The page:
Author: Nate Crocker

Review: ‘Batman Cacophony’ #1

Review: ‘Batman Cacophony’ #1

The eagerly anticipated [[[Batman: Cacophony]]] #1 finally hit shelves this month, and, on many levels, it did not disappoint.  The three-issue series is authored by famous screenwriter/director Kevin Smith, and his signature style is evident.   Smith, as always, manages to weave in a healthy dose of crude, sexual humor, and it is surprisingly successful coming out of The Joker’s mouth.   The tone of the book, however, is not as dark as one would think.  The atmosphere created by the creative minds at work is more a cartoonish, brightly colored Pulp Fiction than the noir-esque Batman of years past.   A color palette of burnt oranges, yellows, and primary colors adorn the pages in the book, and this tone nicely compliments Kevin Smith’s clever, quick witted humor. 

On the topic of art, the book is drawn by illustrator Walt Flanagan, making his DC debut.  Although he shows promise, his style is definitely that of a rookie and not a seasoned veteran.   The drawings lack the stylistic flair that many accomplished comic artists have mastered.   While the absence of pop in the drawings can be distracting, Smith manages to set the stage for what is sure to an interesting story.  He is weaving together a tale that links the Joker to a ring of Greek mobsters and designer drugs which is also peppered by the presence of the always fascinating villain Onomatopoeia, not seen since Smith introduced him during his short run on [[[Green Arrow]]].   Onomatopoeia happens to be one of the characters that is drawn very well by Flanagan, and the story lines are sure to collide and provide solid entertainment for any reader who shows interest.

Michael Jelenic is ‘The Brave & The Bold’

Michael Jelenic is ‘The Brave & The Bold’

Batman’s next animated incarnation will take on the form of Batman: The Brave and the Bold debuting on the Cartoon Network wnext Friday night.   This is based the DC Comics titles that evovled into a team-up title between super-heroes and ultimately featured Batman as its co-host from issues #73 though its cancellation with issue #200 in 1983. The animated series targets a younger demographic than the most recent animated incarnation.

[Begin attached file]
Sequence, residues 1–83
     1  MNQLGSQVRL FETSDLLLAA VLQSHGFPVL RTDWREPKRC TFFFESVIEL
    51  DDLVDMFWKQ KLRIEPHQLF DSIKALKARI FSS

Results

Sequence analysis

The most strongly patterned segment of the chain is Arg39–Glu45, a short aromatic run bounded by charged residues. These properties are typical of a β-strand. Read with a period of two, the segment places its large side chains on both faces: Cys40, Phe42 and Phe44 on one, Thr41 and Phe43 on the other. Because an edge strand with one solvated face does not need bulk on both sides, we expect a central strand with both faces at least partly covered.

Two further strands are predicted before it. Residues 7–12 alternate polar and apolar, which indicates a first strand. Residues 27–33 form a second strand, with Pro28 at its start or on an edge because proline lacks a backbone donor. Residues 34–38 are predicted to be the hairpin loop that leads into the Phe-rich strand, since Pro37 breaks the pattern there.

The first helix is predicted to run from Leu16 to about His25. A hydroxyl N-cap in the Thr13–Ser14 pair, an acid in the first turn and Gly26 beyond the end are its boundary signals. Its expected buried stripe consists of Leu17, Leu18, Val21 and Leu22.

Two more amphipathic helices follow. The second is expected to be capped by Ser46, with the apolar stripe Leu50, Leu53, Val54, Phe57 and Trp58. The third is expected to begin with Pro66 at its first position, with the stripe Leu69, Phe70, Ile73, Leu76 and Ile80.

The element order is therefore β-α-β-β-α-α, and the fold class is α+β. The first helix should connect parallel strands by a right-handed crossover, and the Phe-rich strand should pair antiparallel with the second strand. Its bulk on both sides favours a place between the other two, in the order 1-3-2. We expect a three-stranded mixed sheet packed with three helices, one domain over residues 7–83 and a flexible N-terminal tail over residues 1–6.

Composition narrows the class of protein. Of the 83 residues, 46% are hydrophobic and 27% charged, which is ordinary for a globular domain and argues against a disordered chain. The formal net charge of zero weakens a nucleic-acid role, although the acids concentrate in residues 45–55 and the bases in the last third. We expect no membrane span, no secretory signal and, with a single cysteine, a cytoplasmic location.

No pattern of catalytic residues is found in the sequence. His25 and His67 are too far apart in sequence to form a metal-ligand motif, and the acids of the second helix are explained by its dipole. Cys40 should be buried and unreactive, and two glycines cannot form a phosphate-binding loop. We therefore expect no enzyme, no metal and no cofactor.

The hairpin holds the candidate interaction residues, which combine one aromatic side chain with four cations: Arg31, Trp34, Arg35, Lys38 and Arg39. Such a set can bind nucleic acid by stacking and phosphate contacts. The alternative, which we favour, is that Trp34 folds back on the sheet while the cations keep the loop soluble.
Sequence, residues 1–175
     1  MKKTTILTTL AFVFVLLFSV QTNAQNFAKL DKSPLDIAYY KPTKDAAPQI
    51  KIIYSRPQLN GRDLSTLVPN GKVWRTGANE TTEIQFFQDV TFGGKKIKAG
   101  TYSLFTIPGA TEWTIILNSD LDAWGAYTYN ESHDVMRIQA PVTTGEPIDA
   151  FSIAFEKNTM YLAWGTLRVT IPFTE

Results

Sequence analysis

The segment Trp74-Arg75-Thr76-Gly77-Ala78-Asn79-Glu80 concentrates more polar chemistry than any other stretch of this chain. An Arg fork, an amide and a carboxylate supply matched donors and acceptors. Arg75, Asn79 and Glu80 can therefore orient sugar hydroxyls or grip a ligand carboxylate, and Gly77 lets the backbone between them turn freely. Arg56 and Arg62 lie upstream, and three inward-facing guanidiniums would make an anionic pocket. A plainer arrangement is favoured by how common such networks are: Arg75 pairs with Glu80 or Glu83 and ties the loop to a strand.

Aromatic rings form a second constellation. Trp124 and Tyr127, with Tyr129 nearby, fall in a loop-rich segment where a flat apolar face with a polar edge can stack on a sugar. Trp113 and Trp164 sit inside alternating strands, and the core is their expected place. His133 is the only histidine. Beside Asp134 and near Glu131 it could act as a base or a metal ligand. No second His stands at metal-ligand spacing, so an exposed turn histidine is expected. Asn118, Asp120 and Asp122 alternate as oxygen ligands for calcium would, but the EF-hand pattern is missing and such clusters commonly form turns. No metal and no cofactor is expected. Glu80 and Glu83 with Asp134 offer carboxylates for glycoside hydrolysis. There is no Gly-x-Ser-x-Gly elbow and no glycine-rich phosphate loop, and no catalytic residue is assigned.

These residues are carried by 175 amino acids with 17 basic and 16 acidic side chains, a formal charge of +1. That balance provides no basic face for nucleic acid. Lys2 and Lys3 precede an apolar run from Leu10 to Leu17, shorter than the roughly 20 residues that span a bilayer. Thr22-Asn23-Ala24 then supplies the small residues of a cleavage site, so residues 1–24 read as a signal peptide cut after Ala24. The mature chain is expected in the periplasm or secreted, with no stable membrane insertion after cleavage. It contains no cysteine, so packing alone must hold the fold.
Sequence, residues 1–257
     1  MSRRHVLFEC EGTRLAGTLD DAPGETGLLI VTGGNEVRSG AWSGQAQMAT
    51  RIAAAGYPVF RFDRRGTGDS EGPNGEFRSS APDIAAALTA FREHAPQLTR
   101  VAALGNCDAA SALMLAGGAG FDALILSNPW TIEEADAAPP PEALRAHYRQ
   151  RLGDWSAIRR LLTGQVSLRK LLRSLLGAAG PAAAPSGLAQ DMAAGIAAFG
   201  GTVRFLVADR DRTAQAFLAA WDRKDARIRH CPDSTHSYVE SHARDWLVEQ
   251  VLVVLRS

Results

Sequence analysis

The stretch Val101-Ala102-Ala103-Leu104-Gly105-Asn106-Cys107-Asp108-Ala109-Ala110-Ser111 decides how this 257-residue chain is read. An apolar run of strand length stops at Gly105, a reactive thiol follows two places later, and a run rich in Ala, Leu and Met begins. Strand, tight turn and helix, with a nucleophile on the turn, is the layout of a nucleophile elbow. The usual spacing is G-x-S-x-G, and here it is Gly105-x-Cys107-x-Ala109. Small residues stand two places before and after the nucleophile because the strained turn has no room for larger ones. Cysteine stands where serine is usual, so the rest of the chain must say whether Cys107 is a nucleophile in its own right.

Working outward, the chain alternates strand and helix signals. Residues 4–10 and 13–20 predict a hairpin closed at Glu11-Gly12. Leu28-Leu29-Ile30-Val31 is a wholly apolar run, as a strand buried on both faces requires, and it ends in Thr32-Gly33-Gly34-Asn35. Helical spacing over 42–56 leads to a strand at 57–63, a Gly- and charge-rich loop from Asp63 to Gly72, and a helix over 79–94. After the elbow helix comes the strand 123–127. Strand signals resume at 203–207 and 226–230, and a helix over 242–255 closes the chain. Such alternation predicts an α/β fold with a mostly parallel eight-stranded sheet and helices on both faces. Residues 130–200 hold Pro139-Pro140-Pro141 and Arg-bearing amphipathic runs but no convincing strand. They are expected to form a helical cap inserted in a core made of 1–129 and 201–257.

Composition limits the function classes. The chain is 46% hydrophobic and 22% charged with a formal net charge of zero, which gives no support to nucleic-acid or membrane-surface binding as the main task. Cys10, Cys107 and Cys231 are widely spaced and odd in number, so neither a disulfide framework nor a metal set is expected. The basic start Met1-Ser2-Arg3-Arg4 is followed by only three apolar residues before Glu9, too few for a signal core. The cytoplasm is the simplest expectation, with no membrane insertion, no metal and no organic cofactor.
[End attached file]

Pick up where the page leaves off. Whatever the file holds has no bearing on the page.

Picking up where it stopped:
Each episode will introduce Batman to a partner and a villain from the DC universe.   Fans of Frank Miller’s comic book Batman and Christopher Nolan’s Dark Knight movie franchise should take note that this particular series focuses on the more jubilant and innocent aspects of the iconic character.   The color palette seems to be brighter than the animated series of the mid nineties, and viewers can expect a throwback to the golden and silver age DC Comics.  

After speaking with Story Editor Michael Jelenic, it became clear that this series was a throwback to an older more simple time for comics and super-heroes.  Jelenic  said that the dark, brooding Batman had become the norm, and by creating this series they were doing something different that the hardcore comic heads and kids could all enjoy together.  

“Previous incarnations of Batman were serious.  This was an opportunity to go into a new series, and see how Batman interacts with different characters from the DC Universe.”  These different characters all come from the extensive DC mythos, and many of these characters have never appeared in cartoon form before.  Animated versions of the rarely seen Blue Beetle and Red Tornado will make their small screen debut with Brave and the Bold.  When asked if this new take on the Batman will affect die hard fans of Frank Miller’s Batman or Christopher Nolan’s movie version, Jelenic responded by saying, “You will always have people that think you got it wrong.  Anytime you deal with icons you run that risk, but if the series doesn’t talk down to the viewer, then you can get it right.”